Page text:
One of my goals for this year is to get better about weekday dinners, and to learn more recipes that might be palatable for younger eaters. I was poking around the internet and found a recommendation for Every Day is Saturday: Recipes + Strategies for Easy Cooking, Every Day of the Week
by Sarah Copeland. This recipe is in the "Projects" section because it's just as easy to make two at once, and then you will have made an extra! I like the unusual sections in this cookbook because it's based on type of meal or rather need
like quick dinners, last minute friends, etc.
I made a few mistakes with this recipe but I don't think they mattered to the final taste, but it's definitely not as pretty as the one in the cookbook! I'll add some notes at the end to talk about what I could have done better.
Save-the-Day Spinach Pie
(recipe from Sarah Copeland)
30 oz frozen spinach, thawed
½ cup (1 stick) unsalted butter
1 small yellow onion, finely chopped
2 cups whole-milk ricotta cheese
4 large eggs, lightly beaten
⅓ cup crumbled feta cheese
3 tbsp chopped fresh dill
Juice of 1 lemon
1 tsp fine sea salt
¼ tsp freshly ground black pepper
8 sheets frozen phyllo dough, thawed
Preheat the oven to 375 F.
Set the spinach in a colander to drain while you prepare the remaining ingredients, then place it in the center of a large, sturdy dish towel. Squeeze out as much moisture as you can. (If you wash the towel shortly after, the color won’t stain.)
Heat a large pan over medium heat. Melt the butter, and pour off and reserve about 5 tbsp.* Add the onion to the skillet and cook until soft but not brown, about 5 minutes. Transfer to a bowl with the squeezed spinach, and add the ricotta, eggs, feta, dill (If using), lemon juice, salt, and pepper.
Brush a 9x11 inch baking pan with some of the reserved melted butter. Lay the two first sheets of phyllo side by side in the bottom of the pan to cover it and come 1 inch up the sides; brush with butter. Continue with another two sheets of phyllo right on top, layering them slightly overlapping to cover the bottom and up the sides (so far, you’ve used four sheets.) Add the spinach mixture and spread into an even layer. Lay two more sheets of phyllo side by side on top, to cover the entire filling, and brush with butter. Tuck the sides of the phyllo over the top, and layer the two remaining sheets of phyllo on top. Brush with the remaining butter.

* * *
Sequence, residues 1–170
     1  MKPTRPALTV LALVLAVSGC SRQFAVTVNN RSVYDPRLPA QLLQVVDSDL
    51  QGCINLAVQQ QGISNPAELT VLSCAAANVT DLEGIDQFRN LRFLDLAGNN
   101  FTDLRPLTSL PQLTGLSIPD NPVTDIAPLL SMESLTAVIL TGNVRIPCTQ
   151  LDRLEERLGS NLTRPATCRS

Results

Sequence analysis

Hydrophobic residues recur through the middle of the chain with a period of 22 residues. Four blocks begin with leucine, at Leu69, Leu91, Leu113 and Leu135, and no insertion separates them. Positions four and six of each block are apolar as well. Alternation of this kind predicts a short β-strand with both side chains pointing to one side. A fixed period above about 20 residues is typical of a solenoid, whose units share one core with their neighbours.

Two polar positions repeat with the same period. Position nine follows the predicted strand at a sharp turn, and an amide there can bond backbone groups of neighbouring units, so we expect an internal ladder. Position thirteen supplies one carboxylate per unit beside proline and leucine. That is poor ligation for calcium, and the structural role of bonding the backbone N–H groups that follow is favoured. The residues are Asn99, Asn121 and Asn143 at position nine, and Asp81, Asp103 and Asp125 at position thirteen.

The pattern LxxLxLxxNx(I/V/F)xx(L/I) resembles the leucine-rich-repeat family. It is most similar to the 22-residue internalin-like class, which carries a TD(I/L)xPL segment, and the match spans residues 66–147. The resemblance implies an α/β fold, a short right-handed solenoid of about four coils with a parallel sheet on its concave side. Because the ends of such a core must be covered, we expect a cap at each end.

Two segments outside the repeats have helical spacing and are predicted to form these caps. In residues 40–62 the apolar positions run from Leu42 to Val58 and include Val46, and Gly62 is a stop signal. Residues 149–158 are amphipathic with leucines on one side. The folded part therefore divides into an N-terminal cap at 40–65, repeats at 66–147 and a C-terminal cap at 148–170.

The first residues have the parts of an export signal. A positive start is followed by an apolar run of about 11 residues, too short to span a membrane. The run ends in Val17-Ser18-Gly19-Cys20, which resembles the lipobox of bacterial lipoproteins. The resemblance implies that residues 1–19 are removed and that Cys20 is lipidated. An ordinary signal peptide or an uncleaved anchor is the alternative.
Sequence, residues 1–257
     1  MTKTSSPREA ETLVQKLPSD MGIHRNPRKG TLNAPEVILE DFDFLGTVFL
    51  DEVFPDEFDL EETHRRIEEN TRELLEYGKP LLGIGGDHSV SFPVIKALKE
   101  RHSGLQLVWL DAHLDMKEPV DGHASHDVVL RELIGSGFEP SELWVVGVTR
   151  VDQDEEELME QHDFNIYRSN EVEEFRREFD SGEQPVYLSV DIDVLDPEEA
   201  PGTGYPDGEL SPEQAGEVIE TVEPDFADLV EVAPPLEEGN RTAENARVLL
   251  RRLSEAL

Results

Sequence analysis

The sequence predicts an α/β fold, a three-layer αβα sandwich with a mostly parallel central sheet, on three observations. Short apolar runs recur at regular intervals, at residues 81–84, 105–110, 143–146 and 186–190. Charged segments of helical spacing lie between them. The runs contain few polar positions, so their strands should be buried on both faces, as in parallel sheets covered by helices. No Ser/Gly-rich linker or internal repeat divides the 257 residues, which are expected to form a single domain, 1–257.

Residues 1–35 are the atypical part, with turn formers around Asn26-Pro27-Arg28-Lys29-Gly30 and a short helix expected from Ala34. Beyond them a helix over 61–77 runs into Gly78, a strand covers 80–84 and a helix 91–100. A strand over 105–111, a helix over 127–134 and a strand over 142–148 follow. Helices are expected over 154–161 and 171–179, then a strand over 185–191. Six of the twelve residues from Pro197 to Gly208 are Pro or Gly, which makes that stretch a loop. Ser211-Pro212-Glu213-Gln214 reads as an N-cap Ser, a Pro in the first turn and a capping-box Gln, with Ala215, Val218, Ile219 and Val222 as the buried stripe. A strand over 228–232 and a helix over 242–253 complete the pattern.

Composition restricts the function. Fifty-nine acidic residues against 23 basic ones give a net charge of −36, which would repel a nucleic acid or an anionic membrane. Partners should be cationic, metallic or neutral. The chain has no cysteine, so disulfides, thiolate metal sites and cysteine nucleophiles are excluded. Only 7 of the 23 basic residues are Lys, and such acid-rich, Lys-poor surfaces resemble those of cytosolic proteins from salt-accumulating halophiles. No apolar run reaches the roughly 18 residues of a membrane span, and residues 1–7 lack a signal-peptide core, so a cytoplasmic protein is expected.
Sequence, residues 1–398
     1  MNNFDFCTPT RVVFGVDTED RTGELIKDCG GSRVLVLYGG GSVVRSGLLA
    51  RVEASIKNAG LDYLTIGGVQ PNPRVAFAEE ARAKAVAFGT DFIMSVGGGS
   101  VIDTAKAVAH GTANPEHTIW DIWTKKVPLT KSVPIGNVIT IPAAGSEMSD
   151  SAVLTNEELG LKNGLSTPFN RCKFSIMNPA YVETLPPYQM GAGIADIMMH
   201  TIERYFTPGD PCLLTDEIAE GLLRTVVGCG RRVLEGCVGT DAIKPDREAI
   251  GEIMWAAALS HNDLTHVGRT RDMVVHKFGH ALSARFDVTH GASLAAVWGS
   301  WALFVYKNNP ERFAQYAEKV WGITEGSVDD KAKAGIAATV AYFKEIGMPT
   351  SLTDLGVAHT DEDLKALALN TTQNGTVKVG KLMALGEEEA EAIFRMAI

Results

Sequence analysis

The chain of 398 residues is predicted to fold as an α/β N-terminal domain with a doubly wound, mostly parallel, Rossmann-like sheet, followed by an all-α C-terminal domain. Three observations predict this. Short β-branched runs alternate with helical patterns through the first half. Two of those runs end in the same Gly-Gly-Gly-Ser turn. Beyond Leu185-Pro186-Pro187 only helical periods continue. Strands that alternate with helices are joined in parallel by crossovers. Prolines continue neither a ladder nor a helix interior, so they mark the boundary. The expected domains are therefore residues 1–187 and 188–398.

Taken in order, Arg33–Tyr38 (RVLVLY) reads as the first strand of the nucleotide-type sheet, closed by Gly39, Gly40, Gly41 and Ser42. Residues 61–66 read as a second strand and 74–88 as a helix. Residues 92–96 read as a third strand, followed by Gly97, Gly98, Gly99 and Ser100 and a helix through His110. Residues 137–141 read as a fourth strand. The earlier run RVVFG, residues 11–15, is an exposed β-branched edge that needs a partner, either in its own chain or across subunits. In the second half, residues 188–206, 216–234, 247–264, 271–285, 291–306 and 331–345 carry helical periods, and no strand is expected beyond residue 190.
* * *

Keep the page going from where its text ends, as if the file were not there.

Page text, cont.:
Bake until the phyllo is cooked through, shiny, and golden brown, 40 to 45 minutes. Remove and let cool until just warm to the touch before cutting. Cut into 9 or 12 pieces and serve warm or at room temperature. Refrigerate any leftovers in an airtight container for up to 3 days.
One pan is a great start, but two pans of spinach pie will have you set for one hot meal, plus packable lunches and late-day snacks. Cool one pan completely and freeze, well wrapped (in plastic wrap and foil, right in the pan), for up to 2 weeks. To eat, bring to room temperature first, then warm in a hot oven for 5 minutes.
Notes from JennyBakes:
Thawing the spinach and phyllo requires some thinking ahead and this makes this recipe more challenging (I know I need to do better at planning!) Making a double batch makes sense, maybe one in a disposable pan, because otherwise you just throw phyllo away.
Phyllo is tricky; you need to keep a damp towel on top of it every second you aren’t working with it directly.
It’s ridiculous to melt all the butter in the pan only to pour and measure it out. I melted 3 tbsp in the pan (and that’s probably too much for one small onion!) and 5 tbsp in a ramekin for the assembly.
I might use nonstick spray for everything except the top next time, since the filling has so much fat already and it would assemble more quickly.
And I should have baked this about 5 more minutes!